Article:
Read more.


 
From NaturalNews.com:

Want to raise healthy and smart children? Then don't allow them to be couch potatoes. Exercise, it turns out, does more than benefit the body and overall health -- physical fitness builds smarter brains in youngsters, too.

That's the news from a study just published in the journal Brain Research. Scientists used magnetic resonance imaging (MRI) to measure the relative size of specific structures in the brains of 49 children, all of whom were 9 or 10 years old. The research team discovered that the hippocampus (part of the brain inside the temporal lobe that plays an important part in memory and learning) tended to be significantly larger in the kids who were physically fit. What's more, the fit children performed better on a memory test than youngsters the same age who were out of shape.
Read more.

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From the Associated Press:

Since his college days, New England Revolution forward Taylor Twellman has had seven diagnosed concussions. Given all the headers and hits over his career, he's wondering if that number might be drastically higher.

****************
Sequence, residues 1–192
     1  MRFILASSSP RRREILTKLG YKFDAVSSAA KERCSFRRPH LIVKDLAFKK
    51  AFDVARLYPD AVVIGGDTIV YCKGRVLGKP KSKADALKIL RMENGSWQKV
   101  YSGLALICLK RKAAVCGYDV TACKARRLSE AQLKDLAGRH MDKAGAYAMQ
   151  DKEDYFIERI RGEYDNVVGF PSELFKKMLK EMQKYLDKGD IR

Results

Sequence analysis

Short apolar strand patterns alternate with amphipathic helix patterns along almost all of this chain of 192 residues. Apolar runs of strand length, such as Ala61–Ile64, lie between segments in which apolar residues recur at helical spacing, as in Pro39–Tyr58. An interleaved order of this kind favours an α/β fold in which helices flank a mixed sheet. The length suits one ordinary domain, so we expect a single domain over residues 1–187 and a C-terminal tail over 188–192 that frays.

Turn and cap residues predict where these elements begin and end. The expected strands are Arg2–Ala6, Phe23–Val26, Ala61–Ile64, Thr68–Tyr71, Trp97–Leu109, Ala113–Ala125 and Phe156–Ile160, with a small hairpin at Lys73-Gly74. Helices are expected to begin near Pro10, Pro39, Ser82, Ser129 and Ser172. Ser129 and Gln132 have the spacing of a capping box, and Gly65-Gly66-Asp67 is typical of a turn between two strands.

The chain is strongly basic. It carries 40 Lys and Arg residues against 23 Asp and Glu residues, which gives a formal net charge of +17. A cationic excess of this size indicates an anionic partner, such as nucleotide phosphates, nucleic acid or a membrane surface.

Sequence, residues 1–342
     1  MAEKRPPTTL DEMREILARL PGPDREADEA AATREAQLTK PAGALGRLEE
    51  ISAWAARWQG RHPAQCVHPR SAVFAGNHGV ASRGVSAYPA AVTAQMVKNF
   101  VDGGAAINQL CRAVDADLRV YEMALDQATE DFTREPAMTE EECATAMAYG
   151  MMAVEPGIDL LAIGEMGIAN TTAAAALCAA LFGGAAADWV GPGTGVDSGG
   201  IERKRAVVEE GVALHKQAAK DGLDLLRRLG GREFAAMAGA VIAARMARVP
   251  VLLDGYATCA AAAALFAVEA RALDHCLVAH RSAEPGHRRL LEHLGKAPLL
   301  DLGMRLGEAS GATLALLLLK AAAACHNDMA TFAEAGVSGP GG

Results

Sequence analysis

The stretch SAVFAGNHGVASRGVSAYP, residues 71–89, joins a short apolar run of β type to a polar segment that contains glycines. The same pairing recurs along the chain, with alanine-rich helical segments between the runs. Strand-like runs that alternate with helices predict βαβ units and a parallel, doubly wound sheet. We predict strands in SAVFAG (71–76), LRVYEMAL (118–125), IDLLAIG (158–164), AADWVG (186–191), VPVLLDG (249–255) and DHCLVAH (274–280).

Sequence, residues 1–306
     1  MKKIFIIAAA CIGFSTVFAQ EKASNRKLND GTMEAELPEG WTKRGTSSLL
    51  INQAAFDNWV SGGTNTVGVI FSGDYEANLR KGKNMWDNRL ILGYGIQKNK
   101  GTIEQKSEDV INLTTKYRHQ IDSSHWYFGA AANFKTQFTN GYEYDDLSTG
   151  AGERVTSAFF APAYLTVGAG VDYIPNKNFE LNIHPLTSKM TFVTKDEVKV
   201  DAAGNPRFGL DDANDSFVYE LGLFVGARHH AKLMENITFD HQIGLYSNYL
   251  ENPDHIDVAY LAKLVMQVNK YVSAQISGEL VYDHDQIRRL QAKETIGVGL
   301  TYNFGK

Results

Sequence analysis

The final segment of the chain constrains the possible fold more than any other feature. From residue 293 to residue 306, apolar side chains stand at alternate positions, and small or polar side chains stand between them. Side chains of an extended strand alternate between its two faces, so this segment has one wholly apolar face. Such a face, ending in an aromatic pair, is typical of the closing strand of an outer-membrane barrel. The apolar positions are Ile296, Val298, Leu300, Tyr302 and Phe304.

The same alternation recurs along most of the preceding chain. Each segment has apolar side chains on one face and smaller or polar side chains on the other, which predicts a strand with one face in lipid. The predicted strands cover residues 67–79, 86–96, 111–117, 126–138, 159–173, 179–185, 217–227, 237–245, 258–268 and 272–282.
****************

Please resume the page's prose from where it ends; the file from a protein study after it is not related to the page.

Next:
Twellman still deals with the effects of a concussion he sustained during a collision with a goalkeeper two years ago, one that possibly cost him a shot at making the U.S. World Cup team and cut short his 2010 season after going on injured reserve in late June.

Now he's volunteered to join a Boston University medical school program in which researchers are trying to better understand the long-term effects of repeated concussions. He's one of 300 athletes in just the last two years who have agreed to undergo a battery of annual tests and donate their brain after death.

"It's not hard (to donate) in that you want to help people down the road," Twellman told The Associated Press in a telephone interview. "But it is hard since they want your brain because it's been damaged."

The athlete registry is the work of the university's Center for the Study of Traumatic Encephalopathy, a collaborative venture between BU Medical School and the Sports Legacy Institute that's addressing what it calls the "concussion crisis" in sports. The group has been at the forefront of research into head trauma in sports and received a $1 million gift from the NFL, which it has pushed for better treatment of concussions.

In addition to the athlete volunteers, the families of 40 deceased players have donated brain and spinal column tissue of their loved ones to the center. The material has been studied to see if repetitive head injuries possibly led to a degenerative disease known as chronic traumatic encephalopathy.

Read more.

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From The Hill: